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6

Sounds like you need to open the system, clean the HSF unit, ensure all air intakes are clear of contamination, remove the HSF and clean off the old thermal paste (carefully) from both the CPU & HSF and apply a new layer of thermal paste. Over time, contamination such as dust will reduce the heatsink efficiency, and should be periodically cleaned - use ...


3

Look for the acer_ec.pl script it can control the fan through the register of the embedded controller. It works on other pc, too.


2

Ok so apparently I missed the blindingly obvious fact that my case's intake fan wasn't hooked up. The intake fan doesn't have the same small 3/4-pin connector, it only has a larger 4-pin molex connector (with both male and female ends), which I hooked up to a spare molex coming from my power supply. The intake fan also has a manual 3-position switch ...


2

These values will show ALARM even if you do not have any headers on you motherboard. The reason is that is most likely the default setting in the BIOS. Possibly a better version of you motherboard has intrusion detection headers available and there are resettable via the BIOS only. There is not much you can do to change the values.. as it would defy the ...


2

Long ago but it seems there's still no documentation at all, so this is what I've found out by testing (temp increases on load) so far: 0 - CPU 2 - GPU 3 - Unknown (really strange behaviour, values from 0 to 7 - any ideas?) 5 - Chipset 6 - Battery 8 - Chipset There is NO sensor for hard disk temperature


1

k10temp shows CPU temperature. depending on semiconductor and cooling technology maximum is between 50 and 150C (read the CPU spec sheet)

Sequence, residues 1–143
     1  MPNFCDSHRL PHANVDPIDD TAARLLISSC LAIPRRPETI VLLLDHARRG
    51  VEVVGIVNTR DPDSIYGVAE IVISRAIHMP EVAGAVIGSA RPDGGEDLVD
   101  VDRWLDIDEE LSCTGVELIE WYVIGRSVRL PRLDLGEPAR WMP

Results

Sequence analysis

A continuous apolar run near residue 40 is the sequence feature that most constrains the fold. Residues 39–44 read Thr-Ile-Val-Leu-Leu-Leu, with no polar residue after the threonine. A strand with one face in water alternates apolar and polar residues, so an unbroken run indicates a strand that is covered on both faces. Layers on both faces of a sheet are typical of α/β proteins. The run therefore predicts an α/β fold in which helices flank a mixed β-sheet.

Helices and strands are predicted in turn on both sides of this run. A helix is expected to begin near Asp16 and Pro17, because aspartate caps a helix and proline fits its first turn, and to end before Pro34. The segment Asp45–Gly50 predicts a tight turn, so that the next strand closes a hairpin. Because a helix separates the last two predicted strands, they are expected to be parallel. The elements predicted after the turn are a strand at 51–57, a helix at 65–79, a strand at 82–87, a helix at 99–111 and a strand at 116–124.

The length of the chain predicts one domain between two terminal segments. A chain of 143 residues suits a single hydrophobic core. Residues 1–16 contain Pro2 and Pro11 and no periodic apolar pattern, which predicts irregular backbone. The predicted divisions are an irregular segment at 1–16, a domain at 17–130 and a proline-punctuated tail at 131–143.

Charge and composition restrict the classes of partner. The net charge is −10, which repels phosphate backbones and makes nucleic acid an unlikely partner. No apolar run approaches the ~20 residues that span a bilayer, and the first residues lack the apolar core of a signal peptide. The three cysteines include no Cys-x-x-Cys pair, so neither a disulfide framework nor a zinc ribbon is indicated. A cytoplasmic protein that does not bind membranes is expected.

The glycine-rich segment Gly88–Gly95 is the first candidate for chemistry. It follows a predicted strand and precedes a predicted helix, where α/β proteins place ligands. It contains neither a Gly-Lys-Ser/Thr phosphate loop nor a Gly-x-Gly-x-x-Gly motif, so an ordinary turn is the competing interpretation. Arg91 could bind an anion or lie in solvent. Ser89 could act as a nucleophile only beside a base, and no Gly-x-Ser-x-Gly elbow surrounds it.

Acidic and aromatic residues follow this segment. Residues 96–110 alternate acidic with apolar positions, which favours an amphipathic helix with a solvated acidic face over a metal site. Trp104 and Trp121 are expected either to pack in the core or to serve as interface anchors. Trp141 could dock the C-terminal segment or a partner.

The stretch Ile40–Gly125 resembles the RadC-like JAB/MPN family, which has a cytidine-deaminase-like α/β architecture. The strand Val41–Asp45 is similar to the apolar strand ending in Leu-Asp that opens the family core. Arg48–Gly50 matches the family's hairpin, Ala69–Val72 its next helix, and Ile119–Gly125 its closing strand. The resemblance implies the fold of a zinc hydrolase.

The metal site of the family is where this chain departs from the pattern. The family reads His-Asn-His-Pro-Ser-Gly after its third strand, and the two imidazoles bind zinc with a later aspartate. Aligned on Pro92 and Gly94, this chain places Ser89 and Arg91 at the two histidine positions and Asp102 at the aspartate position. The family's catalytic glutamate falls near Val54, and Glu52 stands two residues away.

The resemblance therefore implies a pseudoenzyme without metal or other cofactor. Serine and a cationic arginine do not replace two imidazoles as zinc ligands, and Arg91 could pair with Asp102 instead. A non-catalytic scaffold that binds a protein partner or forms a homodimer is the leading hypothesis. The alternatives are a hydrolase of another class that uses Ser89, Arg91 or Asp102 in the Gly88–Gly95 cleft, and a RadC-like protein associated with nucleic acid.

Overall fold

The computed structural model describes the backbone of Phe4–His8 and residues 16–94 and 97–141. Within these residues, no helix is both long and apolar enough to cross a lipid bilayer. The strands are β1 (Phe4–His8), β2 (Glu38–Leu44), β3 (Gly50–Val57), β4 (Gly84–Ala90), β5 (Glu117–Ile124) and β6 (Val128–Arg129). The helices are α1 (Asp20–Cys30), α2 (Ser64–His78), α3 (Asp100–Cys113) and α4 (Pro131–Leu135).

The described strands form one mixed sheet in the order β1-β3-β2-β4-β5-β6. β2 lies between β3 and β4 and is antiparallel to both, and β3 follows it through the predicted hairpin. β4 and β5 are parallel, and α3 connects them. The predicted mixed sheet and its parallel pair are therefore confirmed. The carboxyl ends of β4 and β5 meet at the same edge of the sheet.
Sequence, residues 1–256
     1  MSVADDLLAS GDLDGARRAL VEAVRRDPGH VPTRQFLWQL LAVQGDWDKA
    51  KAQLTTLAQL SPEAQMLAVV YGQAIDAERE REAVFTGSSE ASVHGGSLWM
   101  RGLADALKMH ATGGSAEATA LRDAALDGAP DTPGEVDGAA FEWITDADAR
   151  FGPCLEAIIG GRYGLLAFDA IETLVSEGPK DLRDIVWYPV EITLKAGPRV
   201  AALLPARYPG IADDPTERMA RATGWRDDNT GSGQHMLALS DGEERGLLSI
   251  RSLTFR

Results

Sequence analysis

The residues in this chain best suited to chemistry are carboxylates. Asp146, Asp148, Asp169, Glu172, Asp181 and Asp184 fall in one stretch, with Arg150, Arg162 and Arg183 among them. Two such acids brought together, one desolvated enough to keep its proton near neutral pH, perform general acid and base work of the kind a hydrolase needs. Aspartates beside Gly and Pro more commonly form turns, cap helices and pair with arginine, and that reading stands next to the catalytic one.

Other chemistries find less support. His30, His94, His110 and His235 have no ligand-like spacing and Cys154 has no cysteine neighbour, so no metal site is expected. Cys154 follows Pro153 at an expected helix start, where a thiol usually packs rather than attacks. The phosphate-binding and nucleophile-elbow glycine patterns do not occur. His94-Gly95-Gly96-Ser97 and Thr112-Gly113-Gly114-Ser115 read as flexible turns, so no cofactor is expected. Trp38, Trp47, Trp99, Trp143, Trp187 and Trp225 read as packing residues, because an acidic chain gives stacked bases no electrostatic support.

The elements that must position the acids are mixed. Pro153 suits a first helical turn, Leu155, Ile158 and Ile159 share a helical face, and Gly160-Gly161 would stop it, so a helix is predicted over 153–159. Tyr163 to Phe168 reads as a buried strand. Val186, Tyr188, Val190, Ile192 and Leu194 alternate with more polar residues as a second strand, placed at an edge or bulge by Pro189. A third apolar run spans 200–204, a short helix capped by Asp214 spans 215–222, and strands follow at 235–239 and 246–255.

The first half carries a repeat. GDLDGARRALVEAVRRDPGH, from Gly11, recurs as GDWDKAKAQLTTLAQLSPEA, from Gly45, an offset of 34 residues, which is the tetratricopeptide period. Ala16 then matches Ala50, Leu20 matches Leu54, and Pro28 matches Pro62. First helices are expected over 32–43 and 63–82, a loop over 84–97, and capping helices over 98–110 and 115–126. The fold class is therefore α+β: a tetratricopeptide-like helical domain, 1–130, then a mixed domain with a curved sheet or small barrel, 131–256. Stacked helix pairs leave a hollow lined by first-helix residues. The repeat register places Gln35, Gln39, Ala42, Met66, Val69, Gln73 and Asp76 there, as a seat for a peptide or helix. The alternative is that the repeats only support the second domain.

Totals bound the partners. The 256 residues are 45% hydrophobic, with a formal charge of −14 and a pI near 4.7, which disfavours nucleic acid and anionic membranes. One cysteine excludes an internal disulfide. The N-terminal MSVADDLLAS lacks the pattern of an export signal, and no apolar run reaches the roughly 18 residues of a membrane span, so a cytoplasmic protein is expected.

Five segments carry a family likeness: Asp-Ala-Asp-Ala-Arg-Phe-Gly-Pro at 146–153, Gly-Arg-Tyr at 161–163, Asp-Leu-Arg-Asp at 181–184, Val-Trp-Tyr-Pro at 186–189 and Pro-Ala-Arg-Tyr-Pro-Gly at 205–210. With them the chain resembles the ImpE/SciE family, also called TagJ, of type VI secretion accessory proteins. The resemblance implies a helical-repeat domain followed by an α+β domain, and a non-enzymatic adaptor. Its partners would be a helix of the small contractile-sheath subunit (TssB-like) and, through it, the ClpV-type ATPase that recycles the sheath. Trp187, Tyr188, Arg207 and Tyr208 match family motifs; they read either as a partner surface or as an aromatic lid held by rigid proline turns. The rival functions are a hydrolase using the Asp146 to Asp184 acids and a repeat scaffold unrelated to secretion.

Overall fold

1

It doesn't actually report physical information at all. The physical sensors return a value from 0 to (say) 65535, and then this value is manipulated (multiplied, added to, etc.) to give the result you see. It may be that the software is miscalibrated or such, which would give strange values such as the ones you're seeing.


1

Have you upgraded your kernel lately? Unless you've been tinkering with system hardware to improve cooling, your change probably came as a result of a kernel upgrade. Either the new kernel's drivers don't quite work with your particular chipset, or they enumerate the sensors differently and the sensor you're watching isn't the one you were watching before. ...


1

I got sensors to work on mine (linux mint debian) by loading the coretemp module: sudo modprobe coretemp Then run sensors again.If that works, make it permanent by: sudo echo "coretemp" >> /etc/modules You can also install i8kutils, then load the i8k module and get the temp from /proc/i8k: sudo apt-get install i8kutils sudo modprobe i8k cat ...


1

Based on your answer to my comment, I think that the setting of ALARM after boot is bogus and should be ignored. As your chassis is not open, cold reboot from power-off should have cleared up the condition of intrusion alarm. The cause could be a hardware problem with your mainboard captors or simply the way that it was designed to work. If it bothers you, ...


1

It is fairly common for motherboard manufacturers to buy chips in bulk for several boards and not pin-out different functionalities per board to save cost and differentiate the models. That sounds like the case here. The generic answer to a chipset that has features that are not enabled is to "piggy-back" a connector directly to the chip (from intrusion ...


1

Also check out fancontrol, and my answer to this post.


1

I had to do two things to monitor my FX 8350: turn on IOMMU in my BIOS and load the it87 module. I have an Asus board and it has the IOMMU options in the bios under Advanced --> Northbridge, I believe. sudo modprobe it87 should take care of the rest. Of course, you'll want to add a line to /etc/modules, so it87 will load on boot. If you run sudo ...


1

I've found this page http://www.parhelia.ch/blog/statics/k3_keys.html explaining vast majority of SMC keys. As for your question, I believe that TA0P and TA0p is the same thing. A0 means ambient sensor #0 and p means proximity. TC-- are sensors for CPU/logic board. Latest D means CPU die (sensor), and H refers to heatsink.


1

you can redirect the output of the sensors command to a file using the >> operator of the shell while [true] do sensors >> */your/file/here* sleep 1 done The >> operator redirects standard output of a command to a file so in this case it will write the output of sensors to the file you name. 1 second is pretty frequent so you'll want to ...



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